EDF touts wind benefits
Last Tuesday, EDF Renewable Energy representative Jake Salisbury updated the Winnebago City Council on the upcoming Oza Tanka Wind Project which will be affecting their area.
Regions of Prescott, Barber, and Walnut Lake townships will all be included in the wind farm project. Salisbury indicated Barber Township would be at the center of the projects, while Walnut Lake falls on the far east side of the construction plans.
The 200-megawatt wind farm will consist of approximately 80 wind turbines, and would likely be completed by 2021. Salisbury mentioned the wind power group is in the midst of pursuing land leases for their large scale project.
Upcoming environmental and wind resource studies, as well as biological surveys are also on the horizon for EDF.
Salisbury also cited possible economic developments opportunities for Winnebago as a result of the wind power project. EDF estimates Faribault County will be able to generate $800,000 annually from the project’s production tax.
Additionally, Salisbury said EDF spends an average of $10 million during construction. He added that these funds have a positive impact on local communities where construction is taking place.
“Winnebago is really one of the larger towns in the area, so I think this community has a higher chance to thrive with the amenities we have here,” Salisbury explained. “We typically bring about 250 to 300 workers to build these projects, so that’s going to be people needing to buy your food and gas.”
During the meeting, Salisbury also addressed growing concerns from residents who are opposed to the power project. The land acquisition specialist said he thinks there is a silent majority of residents who support the project.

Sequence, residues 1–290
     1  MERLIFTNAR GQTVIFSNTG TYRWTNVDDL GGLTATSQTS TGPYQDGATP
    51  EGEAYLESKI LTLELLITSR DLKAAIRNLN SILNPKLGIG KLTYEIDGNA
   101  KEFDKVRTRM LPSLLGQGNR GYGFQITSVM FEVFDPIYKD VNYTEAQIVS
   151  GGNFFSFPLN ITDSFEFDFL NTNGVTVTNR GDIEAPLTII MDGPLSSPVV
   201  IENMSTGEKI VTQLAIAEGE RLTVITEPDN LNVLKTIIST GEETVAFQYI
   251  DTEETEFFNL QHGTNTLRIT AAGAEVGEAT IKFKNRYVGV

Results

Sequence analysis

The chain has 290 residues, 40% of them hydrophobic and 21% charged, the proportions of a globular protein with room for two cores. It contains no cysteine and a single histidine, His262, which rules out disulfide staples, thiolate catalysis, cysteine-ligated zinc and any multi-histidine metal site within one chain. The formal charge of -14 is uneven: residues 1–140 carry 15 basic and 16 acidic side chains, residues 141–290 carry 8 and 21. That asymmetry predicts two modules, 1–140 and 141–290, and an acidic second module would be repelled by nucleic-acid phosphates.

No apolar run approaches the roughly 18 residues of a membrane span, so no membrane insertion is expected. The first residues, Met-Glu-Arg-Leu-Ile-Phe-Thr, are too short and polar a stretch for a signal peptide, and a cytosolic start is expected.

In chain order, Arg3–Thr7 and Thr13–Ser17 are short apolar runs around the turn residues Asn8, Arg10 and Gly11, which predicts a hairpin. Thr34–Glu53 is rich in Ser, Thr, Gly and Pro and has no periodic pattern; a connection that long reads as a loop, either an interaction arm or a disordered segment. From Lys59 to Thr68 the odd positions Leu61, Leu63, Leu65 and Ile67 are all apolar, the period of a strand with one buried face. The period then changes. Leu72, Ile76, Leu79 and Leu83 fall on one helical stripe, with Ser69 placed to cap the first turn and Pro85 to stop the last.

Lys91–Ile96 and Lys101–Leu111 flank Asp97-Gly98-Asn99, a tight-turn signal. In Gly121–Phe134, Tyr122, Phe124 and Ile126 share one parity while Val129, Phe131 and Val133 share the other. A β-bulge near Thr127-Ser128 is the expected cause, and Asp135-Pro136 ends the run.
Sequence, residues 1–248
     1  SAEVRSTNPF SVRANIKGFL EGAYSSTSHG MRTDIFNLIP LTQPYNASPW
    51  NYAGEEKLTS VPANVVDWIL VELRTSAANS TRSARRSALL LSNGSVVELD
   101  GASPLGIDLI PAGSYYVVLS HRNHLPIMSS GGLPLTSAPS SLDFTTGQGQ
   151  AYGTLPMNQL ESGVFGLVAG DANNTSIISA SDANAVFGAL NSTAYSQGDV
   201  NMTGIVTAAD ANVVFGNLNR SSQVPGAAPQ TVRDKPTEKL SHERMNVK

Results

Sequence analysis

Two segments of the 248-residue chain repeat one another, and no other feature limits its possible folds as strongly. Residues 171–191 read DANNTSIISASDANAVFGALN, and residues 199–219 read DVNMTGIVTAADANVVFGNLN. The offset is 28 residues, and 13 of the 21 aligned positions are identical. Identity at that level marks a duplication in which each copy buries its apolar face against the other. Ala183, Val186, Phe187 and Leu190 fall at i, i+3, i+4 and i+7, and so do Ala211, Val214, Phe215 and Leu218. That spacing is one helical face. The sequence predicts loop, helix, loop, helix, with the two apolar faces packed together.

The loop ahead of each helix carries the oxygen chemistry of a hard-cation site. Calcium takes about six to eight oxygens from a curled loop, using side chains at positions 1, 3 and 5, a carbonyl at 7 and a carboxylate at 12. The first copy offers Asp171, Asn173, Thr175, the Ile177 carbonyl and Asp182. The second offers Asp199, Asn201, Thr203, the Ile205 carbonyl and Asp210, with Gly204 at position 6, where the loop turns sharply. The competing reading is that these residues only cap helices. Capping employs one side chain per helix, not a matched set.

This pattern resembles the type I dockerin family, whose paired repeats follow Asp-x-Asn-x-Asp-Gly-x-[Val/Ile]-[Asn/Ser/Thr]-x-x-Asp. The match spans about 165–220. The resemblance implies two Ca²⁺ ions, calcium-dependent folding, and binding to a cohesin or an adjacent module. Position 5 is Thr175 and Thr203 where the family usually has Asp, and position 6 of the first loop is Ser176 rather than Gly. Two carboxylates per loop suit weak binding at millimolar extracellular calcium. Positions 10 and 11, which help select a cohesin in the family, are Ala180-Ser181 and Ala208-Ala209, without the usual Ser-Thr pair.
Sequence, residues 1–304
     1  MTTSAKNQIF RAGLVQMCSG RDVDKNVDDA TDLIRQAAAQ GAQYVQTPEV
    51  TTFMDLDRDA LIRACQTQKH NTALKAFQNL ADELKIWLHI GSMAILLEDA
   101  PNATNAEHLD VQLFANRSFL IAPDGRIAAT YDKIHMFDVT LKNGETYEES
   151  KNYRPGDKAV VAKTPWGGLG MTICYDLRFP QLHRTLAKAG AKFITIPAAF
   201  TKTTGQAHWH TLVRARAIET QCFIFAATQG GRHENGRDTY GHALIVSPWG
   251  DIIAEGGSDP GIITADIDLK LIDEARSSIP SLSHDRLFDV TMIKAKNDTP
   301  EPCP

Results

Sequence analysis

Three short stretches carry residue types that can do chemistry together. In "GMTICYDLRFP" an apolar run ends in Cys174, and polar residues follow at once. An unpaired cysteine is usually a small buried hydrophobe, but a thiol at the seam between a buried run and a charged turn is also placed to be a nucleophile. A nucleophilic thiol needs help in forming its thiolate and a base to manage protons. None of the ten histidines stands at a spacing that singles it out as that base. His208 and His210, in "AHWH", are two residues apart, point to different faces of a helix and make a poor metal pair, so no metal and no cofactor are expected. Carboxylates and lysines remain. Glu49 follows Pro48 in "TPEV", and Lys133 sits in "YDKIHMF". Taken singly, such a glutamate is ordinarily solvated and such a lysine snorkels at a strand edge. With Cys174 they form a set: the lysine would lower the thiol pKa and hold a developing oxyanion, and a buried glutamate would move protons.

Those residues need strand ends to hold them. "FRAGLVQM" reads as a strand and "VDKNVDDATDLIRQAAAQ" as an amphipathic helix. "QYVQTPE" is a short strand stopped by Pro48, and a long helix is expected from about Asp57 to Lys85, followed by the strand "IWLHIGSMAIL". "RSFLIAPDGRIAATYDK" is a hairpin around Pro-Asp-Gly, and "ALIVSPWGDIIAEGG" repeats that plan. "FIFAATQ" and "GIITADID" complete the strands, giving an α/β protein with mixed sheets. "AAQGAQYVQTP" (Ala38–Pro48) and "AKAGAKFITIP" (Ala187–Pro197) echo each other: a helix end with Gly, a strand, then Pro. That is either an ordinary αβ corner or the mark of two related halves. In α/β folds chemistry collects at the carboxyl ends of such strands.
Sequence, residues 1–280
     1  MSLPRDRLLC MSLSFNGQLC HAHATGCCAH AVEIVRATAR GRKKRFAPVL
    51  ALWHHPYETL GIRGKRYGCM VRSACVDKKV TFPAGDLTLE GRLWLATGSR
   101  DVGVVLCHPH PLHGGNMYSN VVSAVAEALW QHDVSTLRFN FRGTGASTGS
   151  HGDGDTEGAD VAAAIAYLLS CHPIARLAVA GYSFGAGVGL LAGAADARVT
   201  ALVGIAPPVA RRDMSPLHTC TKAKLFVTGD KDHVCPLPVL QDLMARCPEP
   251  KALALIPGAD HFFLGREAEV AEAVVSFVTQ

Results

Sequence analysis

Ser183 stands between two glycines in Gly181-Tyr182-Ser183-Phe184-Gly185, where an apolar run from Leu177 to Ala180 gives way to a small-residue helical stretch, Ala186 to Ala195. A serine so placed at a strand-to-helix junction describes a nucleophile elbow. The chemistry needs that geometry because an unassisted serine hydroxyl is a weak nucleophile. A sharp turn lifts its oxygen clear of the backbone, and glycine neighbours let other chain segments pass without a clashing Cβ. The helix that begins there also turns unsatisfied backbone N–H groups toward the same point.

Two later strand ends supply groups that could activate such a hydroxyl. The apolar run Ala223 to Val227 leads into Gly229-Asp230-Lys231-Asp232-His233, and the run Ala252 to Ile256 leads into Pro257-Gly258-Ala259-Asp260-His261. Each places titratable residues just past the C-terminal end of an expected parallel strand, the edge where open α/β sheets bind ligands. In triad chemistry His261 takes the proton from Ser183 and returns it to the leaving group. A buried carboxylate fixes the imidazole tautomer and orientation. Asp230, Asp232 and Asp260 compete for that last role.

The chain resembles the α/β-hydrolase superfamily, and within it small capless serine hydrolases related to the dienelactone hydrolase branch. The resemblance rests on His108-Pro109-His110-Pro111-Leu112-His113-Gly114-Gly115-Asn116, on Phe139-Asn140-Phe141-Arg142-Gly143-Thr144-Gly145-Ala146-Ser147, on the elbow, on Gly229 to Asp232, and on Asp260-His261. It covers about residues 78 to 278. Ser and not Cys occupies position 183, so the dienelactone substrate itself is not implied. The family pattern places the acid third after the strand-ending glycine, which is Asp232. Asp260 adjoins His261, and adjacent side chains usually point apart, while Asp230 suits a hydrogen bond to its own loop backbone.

“I think some are a little nervous about coming out and expressing that they do want it,” Salisbury said. “Dealing with the opposition is just a matter of respect because they have an opinion that is also valued.”
Other items from the meeting included:
CEO of United Hospital District Rick Ash updated the council on the state of rural healthcare in the area. Ash said he was pleased with the overall growth of UHD’s expanded roster of medical specialists, as well as the upgrades in facility equipment.
“We’re continually looking at growing. We’ve spent a significant amount of dollars on upgrading equipment and getting our facility current to make sure we remain competitive.”
The council accepted a special ordinance to create and dedicate a new city street to be named Seventh Avenue SW. Dollar General, which donated the land to the city, has paid for the engineering and improvements to the street, which can now provide an adequate entrance to the store from Highway 169.
In a 2-1 vote, the council passed a motion to apply for a Public Facility Authority (PFA) loan from the Clean Water Revolving Fund in the estimated amount of $6,222,000.
The funds from the loan application would be used for improvements to the city’s drinking water, municipal wastewater collection, and storm water systems. Meanwhile, council member Rick Johnson opposed the loan application, citing rising taxes as a main concern.
“I disagree with it until we figure out how we’re going to pay the bill. To drop this on the very few taxpayers we have, not knowing how this is going to work, I can’t support this,” Johnson explained.
At the recommendation of the Utility Committee, the council approved the existing street sweeping policy.